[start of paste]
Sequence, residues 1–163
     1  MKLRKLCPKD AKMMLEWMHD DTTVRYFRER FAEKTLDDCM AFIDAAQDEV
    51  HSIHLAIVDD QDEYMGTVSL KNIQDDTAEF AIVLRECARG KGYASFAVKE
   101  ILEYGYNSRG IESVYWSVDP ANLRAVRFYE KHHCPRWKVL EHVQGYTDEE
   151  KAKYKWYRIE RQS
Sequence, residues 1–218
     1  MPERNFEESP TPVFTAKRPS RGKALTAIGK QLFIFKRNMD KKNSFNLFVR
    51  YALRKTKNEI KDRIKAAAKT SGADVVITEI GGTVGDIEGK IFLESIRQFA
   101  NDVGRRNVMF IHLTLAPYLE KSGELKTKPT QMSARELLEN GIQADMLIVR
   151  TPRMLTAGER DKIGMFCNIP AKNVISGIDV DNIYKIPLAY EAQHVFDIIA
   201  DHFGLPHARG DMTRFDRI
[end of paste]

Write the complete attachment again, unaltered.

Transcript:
Sequence, residues 1–163
     1  MKLRKLCPKD AKMMLEWMHD DTTVRYFRER FAEKTLDDCM AFIDAAQDEV
    51  HSIHLAIVDD QDEYMGTVSL KNIQDDTAEF AIVLRECARG KGYASFAVKE
   101  ILEYGYNSRG IESVYWSVDP ANLRAVRFYE KHHCPRWKVL EHVQGYTDEE
   151  KAKYKWYRIE RQS
Sequence, residues 1–218
     1  MPERNFEESP TPVFTAKRPS RGKALTAIGK QLFIFKRNMD KKNSFNLFVR
    51  YALRKTKNEI KDRIKAAAKT SGADVVITEI GGTVGDIEGK IFLESIRQFA
   101  NDVGRRNVMF IHLTLAPYLE KSGELKTKPT QMSARELLEN GIQADMLIVR
   151  TPRMLTAGER DKIGMFCNIP AKNVISGIDV DNIYKIPLAY EAQHVFDIIA
   201  DHFGLPHARG DMTRFDRI